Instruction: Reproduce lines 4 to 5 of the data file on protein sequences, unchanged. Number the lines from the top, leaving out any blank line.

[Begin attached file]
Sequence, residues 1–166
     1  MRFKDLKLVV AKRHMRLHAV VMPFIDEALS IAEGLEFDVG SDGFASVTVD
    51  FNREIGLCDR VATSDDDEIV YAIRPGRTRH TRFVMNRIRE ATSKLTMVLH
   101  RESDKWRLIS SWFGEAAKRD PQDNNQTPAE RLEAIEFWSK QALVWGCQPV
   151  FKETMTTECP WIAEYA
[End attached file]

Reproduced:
   101  RESDKWRLIS SWFGEAAKRD PQDNNQTPAE RLEAIEFWSK QALVWGCQPV
   151  FKETMTTECP WIAEYA